Hamas and Suicide Terrorism
Multi-Causal and Multi-Level Approaches
AUTHOR: Singh, Rashmi
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This book analyses the root causes of suicide terrorism at both the elite and rank-and- file levels of the Hamas and also explains why this tactic has disappeared in the post-2006 period.
This volume adopts a multi-causal, multi-level approach to analyse the use of suicide bombings by Hamas and its individual operatives in the Israeli-Palestinian conflict. It uses extensive fieldwork and on-the-ground interviews in order to delve beneath the surface and understand why and how suicide operations were adopted as a sustained mechanism of engagement within the Israeli-Palestinian conflict. Three core factors fuelled Hamas's suicide bombing campaigns. First, Palestinian suicide operations are a complex combination of instrumental and expressive violence adopted by both organisations and individuals to achieve political and/or societal survival, retaliation and competition. In other words, suicide bombings not only serve distinct political and strategic goals for both Hamas and its operatives but they also serve to convey a symbolic message to various audiences, within Israel, the Palestinian territories and around the world. Second, suicide operations perform a crucial role in the formation and consolidation of Palestinian national identity and are also the latest manifestation of the historically entrenched cultural norm of militant heroic martyrdom. Finally, Hamas's use of political Islam also facilitates the articulation, justification and legitimisation of suicide operations as a modern-day jihad against Israel through the means of modern interpretations and fatwas.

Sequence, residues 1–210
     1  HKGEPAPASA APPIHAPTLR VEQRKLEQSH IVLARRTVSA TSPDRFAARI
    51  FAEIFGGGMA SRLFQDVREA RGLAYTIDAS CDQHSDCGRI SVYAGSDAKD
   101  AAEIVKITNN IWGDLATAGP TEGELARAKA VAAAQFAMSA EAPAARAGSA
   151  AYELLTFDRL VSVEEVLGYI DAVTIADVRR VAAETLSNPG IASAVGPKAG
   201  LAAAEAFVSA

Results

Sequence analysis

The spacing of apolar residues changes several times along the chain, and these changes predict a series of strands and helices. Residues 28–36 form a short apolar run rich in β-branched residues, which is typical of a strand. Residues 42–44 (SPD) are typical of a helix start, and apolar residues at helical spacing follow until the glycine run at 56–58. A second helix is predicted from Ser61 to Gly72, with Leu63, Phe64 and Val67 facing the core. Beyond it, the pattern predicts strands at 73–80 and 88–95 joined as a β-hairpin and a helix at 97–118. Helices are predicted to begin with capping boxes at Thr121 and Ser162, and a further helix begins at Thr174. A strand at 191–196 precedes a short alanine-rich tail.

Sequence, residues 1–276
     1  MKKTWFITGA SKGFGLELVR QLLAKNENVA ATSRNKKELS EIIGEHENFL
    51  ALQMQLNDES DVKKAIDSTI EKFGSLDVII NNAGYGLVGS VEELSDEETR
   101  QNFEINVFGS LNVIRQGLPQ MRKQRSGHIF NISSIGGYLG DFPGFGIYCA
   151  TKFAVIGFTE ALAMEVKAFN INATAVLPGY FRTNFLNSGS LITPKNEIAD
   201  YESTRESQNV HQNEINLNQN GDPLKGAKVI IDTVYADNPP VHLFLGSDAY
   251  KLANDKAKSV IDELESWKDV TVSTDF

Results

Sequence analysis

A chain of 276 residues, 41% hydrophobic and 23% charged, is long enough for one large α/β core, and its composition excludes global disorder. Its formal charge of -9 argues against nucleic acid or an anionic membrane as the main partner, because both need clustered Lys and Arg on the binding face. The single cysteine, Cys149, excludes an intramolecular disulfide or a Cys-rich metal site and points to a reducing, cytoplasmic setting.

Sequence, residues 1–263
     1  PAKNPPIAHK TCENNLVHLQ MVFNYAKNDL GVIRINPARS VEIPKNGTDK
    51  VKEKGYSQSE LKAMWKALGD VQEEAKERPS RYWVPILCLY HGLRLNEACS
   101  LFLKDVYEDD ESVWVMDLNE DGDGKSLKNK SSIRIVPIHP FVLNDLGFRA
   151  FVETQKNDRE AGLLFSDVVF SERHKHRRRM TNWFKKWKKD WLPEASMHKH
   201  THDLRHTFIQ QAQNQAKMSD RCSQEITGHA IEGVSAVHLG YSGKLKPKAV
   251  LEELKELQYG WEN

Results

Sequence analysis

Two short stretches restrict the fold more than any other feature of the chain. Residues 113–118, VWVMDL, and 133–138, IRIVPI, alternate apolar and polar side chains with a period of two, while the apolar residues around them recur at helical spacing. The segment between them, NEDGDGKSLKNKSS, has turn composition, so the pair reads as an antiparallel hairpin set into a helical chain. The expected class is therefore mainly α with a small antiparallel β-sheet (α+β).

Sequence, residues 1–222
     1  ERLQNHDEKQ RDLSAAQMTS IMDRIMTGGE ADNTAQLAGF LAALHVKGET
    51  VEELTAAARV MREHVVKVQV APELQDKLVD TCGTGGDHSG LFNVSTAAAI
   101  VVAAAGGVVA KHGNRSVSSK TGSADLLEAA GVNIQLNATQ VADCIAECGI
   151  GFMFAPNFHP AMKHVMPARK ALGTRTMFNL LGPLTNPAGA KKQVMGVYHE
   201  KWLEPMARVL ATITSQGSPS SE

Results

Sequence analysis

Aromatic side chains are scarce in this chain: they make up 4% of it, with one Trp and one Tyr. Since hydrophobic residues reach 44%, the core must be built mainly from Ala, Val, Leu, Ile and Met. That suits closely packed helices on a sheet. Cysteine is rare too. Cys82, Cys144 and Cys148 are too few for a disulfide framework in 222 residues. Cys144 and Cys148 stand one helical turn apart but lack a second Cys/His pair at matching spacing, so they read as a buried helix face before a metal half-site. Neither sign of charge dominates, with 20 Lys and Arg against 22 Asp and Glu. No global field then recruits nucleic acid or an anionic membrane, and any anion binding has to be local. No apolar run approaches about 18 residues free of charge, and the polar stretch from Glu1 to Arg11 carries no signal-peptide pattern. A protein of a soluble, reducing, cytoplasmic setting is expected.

This approach not only facilitates a much needed, multifaceted, holistic understanding of suicide bombings in this particular region but also yields policy-relevant lessons to address extreme political violence in other parts of the world. This book will be of much interest to students of Hamas, terrorism, Middle East politics and security studies.
PUBLICATION DATE: 3/10/2011
CATEGORY: Political Science, Psychology